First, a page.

Transient Killer Whales hunting Bottlenose Dolphins in Algoa Bay.Saturday, 9th January 2021
By Lloyd Edwards
What an incredible sighting of a male, female and calf killer whales hunting Indo-Pacific bottlenose dolphins at Brenton Island in Algoa Bay on our last cruise to the St Croix Island group. This is our sixth sighting of these animals since Jake first saw them off Cape Recife on the 31st October. On the 7th November another pod was seen at the same islands, on the 12 November I saw and photographed the first pod again off my house in Seaview, on 25th November another pod was videoed off Shark Rock Pier and then on 5th January a male was photographed off Seaview. There have also been numerous sightings from Cape St Francis. What an amazing ten weeks we have had with these remarkable creatures. They are termed "transient" as they do not have a fixed place of abode.
After leaving port on this particular cruise we took a slightly deeper route to the islands. When we arrived at Brenton Island we found a school of around 90 Indo-Pacific dolphins swimming very close to the “bricks”. I remarked that killer whales had been quite prolific in the bay, which is probably why the dollies were hugging the rocks. We then headed off to St Croix to take a look at the molting African penguins. After snacks I asked the passengers which route they would like to take home. A child shouted that we go back passed the port at Coega. I studiously ignored him and chose a route back past Brenton. We were almost at the island when someone shouted dolphins. I looked at where they were pointing and to my utmost joy, saw the huge upright dorsal fin of a male killer whale!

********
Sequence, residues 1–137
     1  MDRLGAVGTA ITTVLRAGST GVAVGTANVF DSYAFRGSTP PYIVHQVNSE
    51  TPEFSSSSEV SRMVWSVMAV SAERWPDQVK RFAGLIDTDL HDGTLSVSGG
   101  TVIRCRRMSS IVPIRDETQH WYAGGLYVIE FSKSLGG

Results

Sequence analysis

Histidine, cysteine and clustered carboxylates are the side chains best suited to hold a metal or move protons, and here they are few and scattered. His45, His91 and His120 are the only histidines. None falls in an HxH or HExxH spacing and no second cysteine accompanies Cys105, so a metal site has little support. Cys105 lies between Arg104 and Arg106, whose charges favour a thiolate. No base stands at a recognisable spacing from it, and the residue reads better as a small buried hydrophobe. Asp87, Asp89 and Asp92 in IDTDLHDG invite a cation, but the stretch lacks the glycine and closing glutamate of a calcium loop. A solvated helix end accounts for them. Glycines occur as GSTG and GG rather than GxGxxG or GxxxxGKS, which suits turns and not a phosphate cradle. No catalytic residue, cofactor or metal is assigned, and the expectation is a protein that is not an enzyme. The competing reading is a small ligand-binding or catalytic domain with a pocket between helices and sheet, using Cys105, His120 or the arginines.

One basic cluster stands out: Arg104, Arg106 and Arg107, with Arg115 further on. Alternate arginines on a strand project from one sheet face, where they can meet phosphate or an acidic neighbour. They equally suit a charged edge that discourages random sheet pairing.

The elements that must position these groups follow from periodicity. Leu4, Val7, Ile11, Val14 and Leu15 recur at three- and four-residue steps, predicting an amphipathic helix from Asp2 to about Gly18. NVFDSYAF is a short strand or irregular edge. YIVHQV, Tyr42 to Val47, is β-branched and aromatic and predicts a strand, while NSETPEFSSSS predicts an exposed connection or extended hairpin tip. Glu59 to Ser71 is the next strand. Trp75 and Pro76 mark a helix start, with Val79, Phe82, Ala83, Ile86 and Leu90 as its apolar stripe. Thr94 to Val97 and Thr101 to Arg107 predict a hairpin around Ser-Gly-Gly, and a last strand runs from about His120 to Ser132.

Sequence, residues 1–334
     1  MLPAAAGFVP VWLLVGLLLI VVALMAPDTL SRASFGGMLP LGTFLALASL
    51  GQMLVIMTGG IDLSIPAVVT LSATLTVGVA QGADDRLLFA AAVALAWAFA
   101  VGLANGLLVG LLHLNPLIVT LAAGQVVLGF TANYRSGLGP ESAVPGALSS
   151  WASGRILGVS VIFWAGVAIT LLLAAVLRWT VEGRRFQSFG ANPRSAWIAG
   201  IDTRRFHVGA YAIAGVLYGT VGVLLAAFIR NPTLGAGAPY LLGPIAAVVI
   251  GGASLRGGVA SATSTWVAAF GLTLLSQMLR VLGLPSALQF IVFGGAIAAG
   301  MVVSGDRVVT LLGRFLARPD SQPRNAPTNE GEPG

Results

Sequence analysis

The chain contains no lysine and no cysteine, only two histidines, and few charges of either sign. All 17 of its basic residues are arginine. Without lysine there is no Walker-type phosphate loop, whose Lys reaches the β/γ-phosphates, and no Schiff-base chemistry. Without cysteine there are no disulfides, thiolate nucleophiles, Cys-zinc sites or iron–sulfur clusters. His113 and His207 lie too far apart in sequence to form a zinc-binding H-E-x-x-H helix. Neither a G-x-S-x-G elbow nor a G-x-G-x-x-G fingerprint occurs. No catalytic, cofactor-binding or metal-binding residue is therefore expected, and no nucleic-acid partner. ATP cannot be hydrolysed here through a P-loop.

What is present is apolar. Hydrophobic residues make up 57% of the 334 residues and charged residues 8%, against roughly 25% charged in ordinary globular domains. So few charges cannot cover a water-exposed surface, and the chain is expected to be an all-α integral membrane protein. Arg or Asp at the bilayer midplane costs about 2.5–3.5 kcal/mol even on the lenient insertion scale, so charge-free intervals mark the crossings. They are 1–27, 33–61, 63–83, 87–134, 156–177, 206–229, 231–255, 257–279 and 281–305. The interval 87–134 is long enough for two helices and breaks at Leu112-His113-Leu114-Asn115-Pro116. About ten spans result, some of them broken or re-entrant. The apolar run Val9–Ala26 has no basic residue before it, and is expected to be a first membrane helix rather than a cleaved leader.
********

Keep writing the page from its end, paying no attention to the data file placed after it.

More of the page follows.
The trio made numerous approaches towards the dolphins that were continuously circling Brenton Island. By this stage they were very agitated and were racing around the island breaching clear of the water. As the killer whales approached they would stay submerged. I had my camera at the ready in anticipation of wild thrashing in the water as a killer emerged with a dolphin in its jaws. We have seen this previously. It was not to be! These transient killers do not communicate with each other when hunting, so that the dolphins cannot detect them. After numerous approaches the killers left and headed off in a Southerly direction. Maybe the dolphin’s strategy of keeping right up against the rocks paid off or possibly the killers had already eaten.